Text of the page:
The adults who’d had the most musical training—ten years or more—performed better than non-musicians on some cognitive tests. They had an easier time naming objects. In addition, they showed evidence of superior visual (nonverbal) memory and cognitive flexibility, or the ability to switch from one set of rules to another when the situation demands it.

There were also differences between non-musicians and people who’d studied music for less than 10 years. These differences weren’t as marked, and might be attributable to chance. But overall, there was a positive relationship between activity and cognitive performance:

The more years a person had spent playing an instrument, the better she did on the cognitive tests. And the musicians maintained their cognitive advantage even if they no longer played a musical instrument. This was true even though the musicians and non-musicians had achieved similar levels of education.

The results aren’t conclusive. Maybe the musicians socialized more, and the social stimulation is what kept them sharp. Or perhaps musicians are more physically active. As I’ve noted in an earlier post, physical exercise may benefit the brain too.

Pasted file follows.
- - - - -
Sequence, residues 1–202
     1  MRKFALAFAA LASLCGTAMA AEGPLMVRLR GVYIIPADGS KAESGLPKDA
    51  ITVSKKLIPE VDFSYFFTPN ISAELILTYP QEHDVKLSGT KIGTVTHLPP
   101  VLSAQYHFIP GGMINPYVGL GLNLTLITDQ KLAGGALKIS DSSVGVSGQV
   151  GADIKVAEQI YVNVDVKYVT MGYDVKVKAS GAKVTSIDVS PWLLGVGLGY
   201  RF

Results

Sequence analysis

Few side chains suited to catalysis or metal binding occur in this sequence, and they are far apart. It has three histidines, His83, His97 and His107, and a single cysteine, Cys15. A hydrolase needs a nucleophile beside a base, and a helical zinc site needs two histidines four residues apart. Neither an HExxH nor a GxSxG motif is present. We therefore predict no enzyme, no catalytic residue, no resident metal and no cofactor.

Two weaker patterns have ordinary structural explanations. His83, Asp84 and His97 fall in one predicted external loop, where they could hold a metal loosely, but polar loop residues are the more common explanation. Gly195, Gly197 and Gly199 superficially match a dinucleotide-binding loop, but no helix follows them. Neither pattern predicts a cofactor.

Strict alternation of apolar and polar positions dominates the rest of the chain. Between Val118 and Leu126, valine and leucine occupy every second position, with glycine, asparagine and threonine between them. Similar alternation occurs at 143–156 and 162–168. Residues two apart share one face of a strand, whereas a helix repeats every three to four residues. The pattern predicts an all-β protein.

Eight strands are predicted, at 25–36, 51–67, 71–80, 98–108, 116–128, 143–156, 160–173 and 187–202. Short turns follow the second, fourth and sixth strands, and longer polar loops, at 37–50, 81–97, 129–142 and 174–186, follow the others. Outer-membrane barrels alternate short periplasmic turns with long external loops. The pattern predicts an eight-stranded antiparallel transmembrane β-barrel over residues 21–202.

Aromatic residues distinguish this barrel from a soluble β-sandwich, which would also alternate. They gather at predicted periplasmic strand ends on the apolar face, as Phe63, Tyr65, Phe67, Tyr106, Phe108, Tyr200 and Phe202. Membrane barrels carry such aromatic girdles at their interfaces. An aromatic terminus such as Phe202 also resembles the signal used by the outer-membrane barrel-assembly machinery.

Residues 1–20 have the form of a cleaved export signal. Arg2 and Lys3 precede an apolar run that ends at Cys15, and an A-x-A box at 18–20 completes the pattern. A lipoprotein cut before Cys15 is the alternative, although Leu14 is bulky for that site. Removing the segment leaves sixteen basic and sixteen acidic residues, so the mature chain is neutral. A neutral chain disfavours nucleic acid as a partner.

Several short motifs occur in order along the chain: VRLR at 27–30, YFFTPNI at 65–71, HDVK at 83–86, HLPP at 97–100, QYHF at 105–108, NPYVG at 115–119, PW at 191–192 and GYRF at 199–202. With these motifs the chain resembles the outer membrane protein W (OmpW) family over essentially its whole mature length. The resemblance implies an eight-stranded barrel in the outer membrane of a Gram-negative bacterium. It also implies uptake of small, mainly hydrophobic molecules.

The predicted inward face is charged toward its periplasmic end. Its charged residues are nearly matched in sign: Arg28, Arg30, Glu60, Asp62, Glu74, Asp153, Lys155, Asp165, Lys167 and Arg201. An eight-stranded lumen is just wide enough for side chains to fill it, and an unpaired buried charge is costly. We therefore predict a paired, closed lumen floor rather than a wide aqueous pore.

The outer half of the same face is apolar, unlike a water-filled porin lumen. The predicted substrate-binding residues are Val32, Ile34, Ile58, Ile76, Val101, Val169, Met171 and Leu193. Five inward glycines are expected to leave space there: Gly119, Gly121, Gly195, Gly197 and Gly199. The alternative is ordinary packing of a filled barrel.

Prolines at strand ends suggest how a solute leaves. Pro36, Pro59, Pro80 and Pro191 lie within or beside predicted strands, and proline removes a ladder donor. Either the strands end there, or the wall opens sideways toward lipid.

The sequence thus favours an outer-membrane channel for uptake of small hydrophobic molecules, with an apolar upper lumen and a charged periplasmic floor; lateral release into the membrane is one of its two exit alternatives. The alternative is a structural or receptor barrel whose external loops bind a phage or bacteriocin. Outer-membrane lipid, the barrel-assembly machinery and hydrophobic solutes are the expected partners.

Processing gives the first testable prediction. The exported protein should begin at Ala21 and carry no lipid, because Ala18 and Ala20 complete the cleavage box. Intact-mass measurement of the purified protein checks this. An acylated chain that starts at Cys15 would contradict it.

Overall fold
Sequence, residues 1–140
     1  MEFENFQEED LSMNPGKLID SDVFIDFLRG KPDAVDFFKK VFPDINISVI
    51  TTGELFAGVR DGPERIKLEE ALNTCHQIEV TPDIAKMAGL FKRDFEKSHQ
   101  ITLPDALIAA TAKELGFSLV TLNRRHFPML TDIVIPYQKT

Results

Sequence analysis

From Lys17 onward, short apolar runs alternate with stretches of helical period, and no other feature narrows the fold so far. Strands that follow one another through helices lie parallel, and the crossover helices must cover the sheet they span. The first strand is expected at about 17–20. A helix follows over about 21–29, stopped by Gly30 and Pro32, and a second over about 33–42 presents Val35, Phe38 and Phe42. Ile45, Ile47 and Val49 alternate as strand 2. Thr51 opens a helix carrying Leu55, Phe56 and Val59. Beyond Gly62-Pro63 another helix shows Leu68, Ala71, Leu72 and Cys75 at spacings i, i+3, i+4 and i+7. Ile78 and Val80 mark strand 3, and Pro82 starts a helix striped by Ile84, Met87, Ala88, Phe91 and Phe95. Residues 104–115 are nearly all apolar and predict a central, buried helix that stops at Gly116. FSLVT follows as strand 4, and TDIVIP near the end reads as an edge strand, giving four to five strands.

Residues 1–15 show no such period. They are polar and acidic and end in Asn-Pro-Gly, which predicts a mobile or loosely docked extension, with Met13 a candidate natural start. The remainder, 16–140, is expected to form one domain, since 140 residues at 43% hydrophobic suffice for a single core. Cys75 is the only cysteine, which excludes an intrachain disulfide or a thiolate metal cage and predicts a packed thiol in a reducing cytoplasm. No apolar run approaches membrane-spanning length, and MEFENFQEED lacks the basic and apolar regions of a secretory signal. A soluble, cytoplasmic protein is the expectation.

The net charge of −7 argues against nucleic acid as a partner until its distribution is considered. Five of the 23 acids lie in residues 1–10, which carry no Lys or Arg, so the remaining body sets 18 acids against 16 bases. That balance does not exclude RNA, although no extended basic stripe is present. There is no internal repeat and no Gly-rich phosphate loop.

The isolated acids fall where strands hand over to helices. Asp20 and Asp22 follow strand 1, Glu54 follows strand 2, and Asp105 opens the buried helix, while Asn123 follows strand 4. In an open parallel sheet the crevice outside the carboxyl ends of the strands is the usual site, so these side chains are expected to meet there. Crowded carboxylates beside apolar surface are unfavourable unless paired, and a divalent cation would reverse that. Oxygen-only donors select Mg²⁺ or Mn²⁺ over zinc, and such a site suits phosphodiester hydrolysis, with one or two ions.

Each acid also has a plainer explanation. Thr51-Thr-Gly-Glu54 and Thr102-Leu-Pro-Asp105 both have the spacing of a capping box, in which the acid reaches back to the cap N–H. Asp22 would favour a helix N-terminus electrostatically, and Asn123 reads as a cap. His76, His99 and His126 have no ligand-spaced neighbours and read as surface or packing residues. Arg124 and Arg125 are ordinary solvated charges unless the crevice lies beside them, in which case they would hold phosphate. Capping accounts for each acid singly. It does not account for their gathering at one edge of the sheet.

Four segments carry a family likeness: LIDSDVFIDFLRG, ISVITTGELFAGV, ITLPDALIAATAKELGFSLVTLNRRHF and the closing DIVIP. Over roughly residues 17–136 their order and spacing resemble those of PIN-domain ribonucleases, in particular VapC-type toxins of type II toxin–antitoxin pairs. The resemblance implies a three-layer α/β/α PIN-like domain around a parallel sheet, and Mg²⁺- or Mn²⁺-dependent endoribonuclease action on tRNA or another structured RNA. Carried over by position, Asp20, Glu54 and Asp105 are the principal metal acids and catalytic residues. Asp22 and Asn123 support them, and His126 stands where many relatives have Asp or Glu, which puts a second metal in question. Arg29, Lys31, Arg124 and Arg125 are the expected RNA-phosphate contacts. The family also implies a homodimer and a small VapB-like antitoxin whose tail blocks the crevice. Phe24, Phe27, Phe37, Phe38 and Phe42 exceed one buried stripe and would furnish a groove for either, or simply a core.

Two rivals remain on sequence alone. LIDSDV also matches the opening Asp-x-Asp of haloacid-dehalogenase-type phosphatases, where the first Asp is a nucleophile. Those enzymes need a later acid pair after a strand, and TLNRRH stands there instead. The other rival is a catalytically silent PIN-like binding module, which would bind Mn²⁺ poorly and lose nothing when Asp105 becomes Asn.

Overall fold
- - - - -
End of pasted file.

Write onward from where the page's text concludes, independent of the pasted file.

But this study is the first to examine the possibility of lifelong effects of musical training, and it will doubtless inspire more research.

Meanwhile, we should focus on this encouraging point: You don’t have to start music training very early in life to reap important benefits.

The musicians in this study weren’t professionals, and they weren’t child prodigies either. On average, they didn’t learn to play an instrument until they were about 10 years old.

Perhaps future studies will show that the cognitive benefits of music training are greatest for kids who begin earlier. But for now it appears that training can benefit kids who start in middle childhood. If your child didn’t start playing the violin in preschool, it’s not too late.

And besides, music is about much more than gaining a few points in IQ or preserving your mental agility. Learning to play an instrument is intrinsically rewarding. And new skills are valuable at any age.

children.

Seven Advantages of Adult Piano Lessons